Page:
2018 has been the year of the dog. Venus (hysterically) went into retrograde and the world got flipped upside down as music from Oz dominated attention overseas.
Technically, this isn’t really revolutionary. Australia has always been the birthplace of sonic champions. There’s Kylie, ultimate dreamboat and icon to us all (petition for a Kylie agony aunt podcast titled “what would Kylie do”). Then there’s Olivia Newton-John and Sia, as well as the dark lord himself Nick Cave to name a few.
I love Australia. I love the landscape, I love the animals, the man-eating flora, the hippies and THE ACCENT. So naturally, my radar is permanently switched on full Aussie appreciation mode. I’ll take pretty much anything that sounds what I imagine to be summery, effortlessly laidback (at times) and maybe a little bit controversial. Recently, particularly noticeable this year, although we can’t forget the five King Gizzard albums of 2017, Australia has become a coral reef of super-cool new music organically growing and spreading out into the wider world and I genuinely am really into it. It is exciting music that is familiar enough in language but also worlds away and exotic at the same time.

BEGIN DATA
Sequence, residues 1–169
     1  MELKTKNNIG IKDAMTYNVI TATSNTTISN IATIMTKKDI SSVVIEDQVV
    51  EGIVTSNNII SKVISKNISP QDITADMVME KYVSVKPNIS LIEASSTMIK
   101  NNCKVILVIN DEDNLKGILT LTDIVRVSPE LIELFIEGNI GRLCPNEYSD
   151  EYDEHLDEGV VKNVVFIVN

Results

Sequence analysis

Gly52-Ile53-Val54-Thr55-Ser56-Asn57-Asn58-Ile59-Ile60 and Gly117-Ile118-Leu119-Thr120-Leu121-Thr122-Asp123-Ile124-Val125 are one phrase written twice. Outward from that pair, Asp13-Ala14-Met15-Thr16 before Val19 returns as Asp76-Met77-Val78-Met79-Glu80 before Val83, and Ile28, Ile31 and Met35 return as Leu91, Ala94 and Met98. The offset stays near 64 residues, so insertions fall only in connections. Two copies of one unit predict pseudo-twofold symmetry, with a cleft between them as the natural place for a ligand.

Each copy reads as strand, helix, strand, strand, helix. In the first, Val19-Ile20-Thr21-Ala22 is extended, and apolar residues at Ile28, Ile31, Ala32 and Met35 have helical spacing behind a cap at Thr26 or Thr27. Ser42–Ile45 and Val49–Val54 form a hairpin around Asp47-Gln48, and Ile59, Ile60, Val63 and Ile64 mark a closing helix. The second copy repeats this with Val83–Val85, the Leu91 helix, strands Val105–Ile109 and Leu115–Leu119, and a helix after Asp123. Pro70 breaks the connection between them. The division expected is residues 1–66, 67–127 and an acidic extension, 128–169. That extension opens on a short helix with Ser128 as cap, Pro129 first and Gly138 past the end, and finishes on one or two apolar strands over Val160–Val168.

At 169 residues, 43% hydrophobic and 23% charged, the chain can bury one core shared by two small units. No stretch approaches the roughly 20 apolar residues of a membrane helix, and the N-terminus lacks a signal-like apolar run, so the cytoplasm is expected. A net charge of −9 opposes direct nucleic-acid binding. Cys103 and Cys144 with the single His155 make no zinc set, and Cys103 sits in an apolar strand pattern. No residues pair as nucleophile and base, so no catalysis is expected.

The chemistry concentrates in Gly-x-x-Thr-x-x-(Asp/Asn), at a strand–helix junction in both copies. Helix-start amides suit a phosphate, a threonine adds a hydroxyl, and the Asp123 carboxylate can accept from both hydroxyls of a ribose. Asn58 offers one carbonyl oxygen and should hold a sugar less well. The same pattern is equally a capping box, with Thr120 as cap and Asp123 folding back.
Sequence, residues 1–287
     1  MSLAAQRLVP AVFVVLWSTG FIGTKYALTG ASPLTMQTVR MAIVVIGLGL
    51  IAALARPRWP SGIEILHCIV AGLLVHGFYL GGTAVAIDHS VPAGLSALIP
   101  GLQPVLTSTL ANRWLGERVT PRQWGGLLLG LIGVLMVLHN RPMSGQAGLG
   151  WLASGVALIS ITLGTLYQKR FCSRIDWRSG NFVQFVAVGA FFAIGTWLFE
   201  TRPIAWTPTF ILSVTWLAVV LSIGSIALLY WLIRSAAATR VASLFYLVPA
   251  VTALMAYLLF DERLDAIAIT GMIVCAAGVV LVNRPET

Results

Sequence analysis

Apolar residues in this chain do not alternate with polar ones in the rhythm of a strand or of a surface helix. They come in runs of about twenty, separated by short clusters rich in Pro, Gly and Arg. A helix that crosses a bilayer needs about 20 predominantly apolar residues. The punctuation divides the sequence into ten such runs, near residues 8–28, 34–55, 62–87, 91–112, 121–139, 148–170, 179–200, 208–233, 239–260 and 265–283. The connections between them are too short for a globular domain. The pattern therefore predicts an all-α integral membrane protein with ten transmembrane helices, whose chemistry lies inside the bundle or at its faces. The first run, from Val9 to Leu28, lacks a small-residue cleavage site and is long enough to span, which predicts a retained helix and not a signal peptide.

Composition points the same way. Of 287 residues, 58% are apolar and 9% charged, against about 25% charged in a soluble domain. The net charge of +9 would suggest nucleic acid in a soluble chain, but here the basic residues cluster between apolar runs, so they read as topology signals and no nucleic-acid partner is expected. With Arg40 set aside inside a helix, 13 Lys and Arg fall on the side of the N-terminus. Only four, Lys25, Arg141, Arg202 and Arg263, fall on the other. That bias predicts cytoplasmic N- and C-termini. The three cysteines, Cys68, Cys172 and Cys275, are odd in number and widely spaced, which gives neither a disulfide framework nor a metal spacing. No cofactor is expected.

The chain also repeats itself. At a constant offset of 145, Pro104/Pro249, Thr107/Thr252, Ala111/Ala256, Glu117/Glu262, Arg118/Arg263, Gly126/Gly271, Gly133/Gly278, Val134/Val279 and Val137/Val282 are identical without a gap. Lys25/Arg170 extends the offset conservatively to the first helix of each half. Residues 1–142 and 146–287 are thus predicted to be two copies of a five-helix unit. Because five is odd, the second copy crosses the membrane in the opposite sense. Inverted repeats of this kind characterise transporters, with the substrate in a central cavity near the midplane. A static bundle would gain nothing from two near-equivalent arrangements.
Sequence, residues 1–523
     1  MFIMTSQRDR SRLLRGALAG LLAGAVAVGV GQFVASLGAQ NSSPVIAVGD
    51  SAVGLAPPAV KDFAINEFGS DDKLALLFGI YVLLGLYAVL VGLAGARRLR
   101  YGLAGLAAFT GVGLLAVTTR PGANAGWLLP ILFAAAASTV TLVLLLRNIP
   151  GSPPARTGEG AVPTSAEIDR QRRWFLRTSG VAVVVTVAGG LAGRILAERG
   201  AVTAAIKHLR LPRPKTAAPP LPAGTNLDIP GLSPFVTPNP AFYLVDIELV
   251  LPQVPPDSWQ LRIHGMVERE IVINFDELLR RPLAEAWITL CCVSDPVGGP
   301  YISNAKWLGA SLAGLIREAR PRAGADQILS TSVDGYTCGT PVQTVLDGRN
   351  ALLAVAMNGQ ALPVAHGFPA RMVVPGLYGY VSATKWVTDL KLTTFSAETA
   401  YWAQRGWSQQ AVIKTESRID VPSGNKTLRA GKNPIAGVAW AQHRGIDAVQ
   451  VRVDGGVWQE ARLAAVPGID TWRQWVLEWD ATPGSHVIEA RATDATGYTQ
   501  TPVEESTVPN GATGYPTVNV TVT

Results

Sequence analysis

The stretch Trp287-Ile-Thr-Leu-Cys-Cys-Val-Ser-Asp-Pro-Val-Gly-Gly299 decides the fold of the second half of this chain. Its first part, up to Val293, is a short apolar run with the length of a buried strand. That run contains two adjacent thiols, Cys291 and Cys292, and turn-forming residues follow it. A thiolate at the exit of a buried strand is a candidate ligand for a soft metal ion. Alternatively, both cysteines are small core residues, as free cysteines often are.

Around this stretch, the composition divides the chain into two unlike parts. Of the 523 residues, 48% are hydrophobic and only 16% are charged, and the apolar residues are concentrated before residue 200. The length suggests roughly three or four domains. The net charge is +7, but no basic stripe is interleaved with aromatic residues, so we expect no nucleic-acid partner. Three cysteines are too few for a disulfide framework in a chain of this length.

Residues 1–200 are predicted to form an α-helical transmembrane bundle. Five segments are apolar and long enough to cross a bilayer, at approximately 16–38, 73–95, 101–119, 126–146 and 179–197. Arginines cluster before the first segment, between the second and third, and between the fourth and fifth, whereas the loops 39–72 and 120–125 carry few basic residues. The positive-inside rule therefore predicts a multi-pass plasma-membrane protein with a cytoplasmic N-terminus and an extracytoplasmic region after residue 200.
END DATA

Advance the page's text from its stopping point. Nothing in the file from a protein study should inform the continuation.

So here’s a compiled list of my favourite Aussie musical greatness I’ve discovered this year, and some others too good to be forgotten.
Phantastic Ferniture (self titled)
Phantastic Ferniture is the project of Julia Jacklin and her friends Elizabeth Hughes, Ryan K Brennan and Tom Stephens. It is over-joyous garage pop brimming with effortlessly hazy summer nostalgia “feel good” tracks.
Amyl & the Sniffers, ‘Big Attraction & Giddy Up’
Super gnarly garage punk group reminiscent of Melbourne’s 70’s ‘Sharpie’ subculture. It’s punky and angsty with great hair all round and authentically Aussie. (Read more here.)
The Babe Rainbow (aus), ‘Double Rainbow’
100% the second greatest thing to ever come out of Australia end of.
The Goon Sax, ‘We’re Not Talking’
Youthful (literally, they’re teens) Brisbane trio. A medley of charmingly conversational vocals and subtly harmonising melodies with surprising emotional depth.
Gabriella Cohen, ‘Pink is the Colour of Unconditional Love’
Recorded partially on the road and on a farm in Victoria. She is a sweetheart and her vocals sound like how you feel in a warm towel post shower; fuzzy and comforting.
An insane mermaid lagoon record of loop pedals and infectiously extravagant riffs. She does what Ed Sheeran and Kt Tunstall try to do but 10x more efficiently – and with a cooler aesthetic.
Carla Dal Forno, ‘Top of the Pops’: Includes a brilliantly lingering cover of ‘Summertime Sadness’ by Lana Del Ray.
Constant Mongrel, ‘Living In Excellence’: Post-punk chaos and Aussie realness.
DZ Deathrays, ‘Bloody Lovely’: Brutally crafted chords but not aggressive in delivery. Like a polite punch in the face.
NOT TO BE FORGOTTEN
King Gizzard & The Lizard Wizard